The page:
Your business undoubtedly has a page on LinkedIn, and you’ve probably used the site to find prospective job candidates as well.
That’s terrific, and those are good uses of the business social networking site.
But to really squeeze the most value out of LinkedIn, you’ll need to do more.
Here are five things that you should be doing on LinkedIn, whether your business is an airplane parts sales firm or a chain of alcohol rehab treatment centers.
1. Join Groups
Groups are a tremendous resource on LinkedIn, a place for like-minded (and sometimes not-so-like-minded) professionals to connect and ponder some of their industry’s big questions.
It’s a great way to network, and it can lead you to prospective job candidates even more effectively than placing an ad on the site.
In groups you get to hear what someone really thinks and observe their mannerisms and intelligence, things a job interview rarely reveal.
2. Get Free (Good) Publicity
One of the most important things a business can do in our social media-heavy world is get positive word of mouth. If you ask your customers to post their honest opinions about your products and services with recommendations on LinkedIn, you’ll be selling yourself to hundreds or even thousands of people without ever spending a dime.
Of course, the key to this strategy is ensuring that you’ll get good recommendations. If you encourage your customers to post about you and they say bad things about the company, then social media is probably the least of your problems.
3. Seek Out New Customers
LinkedIn provides a wealth of information about potential customers. Consider it a free market research tool. You can look for people who would benefit from your services, then reach out to them (in a non-sales-pitch-y way, of course) to make a possible connection. You must be careful not to alienate anyone and leave someone alone if they request that you back off.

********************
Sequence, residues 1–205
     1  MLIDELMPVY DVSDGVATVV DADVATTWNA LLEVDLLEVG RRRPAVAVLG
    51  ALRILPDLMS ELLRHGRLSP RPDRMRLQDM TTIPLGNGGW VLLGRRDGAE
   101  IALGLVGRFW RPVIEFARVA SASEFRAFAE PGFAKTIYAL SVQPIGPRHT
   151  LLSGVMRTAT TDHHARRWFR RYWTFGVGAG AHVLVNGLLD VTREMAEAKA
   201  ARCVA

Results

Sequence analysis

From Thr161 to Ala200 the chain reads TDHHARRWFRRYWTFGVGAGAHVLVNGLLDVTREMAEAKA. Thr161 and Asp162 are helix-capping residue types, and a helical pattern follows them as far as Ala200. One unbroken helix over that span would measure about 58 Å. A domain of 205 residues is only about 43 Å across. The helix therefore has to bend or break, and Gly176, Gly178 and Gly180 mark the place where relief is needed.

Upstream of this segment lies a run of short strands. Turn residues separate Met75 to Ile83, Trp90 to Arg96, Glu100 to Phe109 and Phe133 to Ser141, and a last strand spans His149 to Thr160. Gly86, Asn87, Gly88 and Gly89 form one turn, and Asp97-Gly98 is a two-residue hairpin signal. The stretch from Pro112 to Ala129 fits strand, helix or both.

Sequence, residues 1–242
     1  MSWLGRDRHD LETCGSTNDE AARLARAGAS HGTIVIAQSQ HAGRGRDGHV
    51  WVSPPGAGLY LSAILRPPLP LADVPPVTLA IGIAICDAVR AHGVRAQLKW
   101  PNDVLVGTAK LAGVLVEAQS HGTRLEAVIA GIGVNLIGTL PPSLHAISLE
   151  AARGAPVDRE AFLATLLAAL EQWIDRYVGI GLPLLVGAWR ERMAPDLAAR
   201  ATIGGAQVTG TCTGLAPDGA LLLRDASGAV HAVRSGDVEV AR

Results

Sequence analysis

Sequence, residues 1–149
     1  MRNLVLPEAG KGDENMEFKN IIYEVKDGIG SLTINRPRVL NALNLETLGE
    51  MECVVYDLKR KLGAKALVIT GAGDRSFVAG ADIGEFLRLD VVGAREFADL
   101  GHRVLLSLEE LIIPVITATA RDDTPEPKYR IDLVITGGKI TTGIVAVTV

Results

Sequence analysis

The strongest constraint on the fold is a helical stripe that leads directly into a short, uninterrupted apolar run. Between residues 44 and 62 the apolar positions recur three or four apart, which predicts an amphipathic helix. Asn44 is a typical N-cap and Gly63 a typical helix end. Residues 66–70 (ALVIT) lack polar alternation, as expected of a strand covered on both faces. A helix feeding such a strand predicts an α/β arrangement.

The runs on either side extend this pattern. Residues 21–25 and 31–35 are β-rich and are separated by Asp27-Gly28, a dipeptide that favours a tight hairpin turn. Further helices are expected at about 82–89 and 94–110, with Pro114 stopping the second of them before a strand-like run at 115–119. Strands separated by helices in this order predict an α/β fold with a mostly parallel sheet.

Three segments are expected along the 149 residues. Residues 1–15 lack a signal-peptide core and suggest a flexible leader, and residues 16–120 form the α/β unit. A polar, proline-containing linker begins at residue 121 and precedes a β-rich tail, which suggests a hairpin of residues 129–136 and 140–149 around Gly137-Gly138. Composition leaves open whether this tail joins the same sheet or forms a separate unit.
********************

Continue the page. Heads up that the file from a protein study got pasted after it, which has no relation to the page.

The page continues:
4. Post Status Updates
So many people create an account for their business, and then never leverage it to market their products. That’s silly. If you’re working on something new and exciting, post something about it. Treat your LinkedIn status updates like mini-blog posts. Don’t worry about annoying people with endless updates – they wouldn’t sign up for your news-feed if they weren’t interested.
5. Answer Questions
Whether you do it in groups or you open up the “Answers” tab under the “More” heading on your profile, show off your business knowledge by advising people on their most pressing problems. But have someone reading over your shoulder so you don’t post any embarrassing typos. That’s one thing you should never do on LinkedIn.
As of the 25th June 2013 – The answers feature no longer exists, there are still many other ways to pose questions and facilitate professional discussions.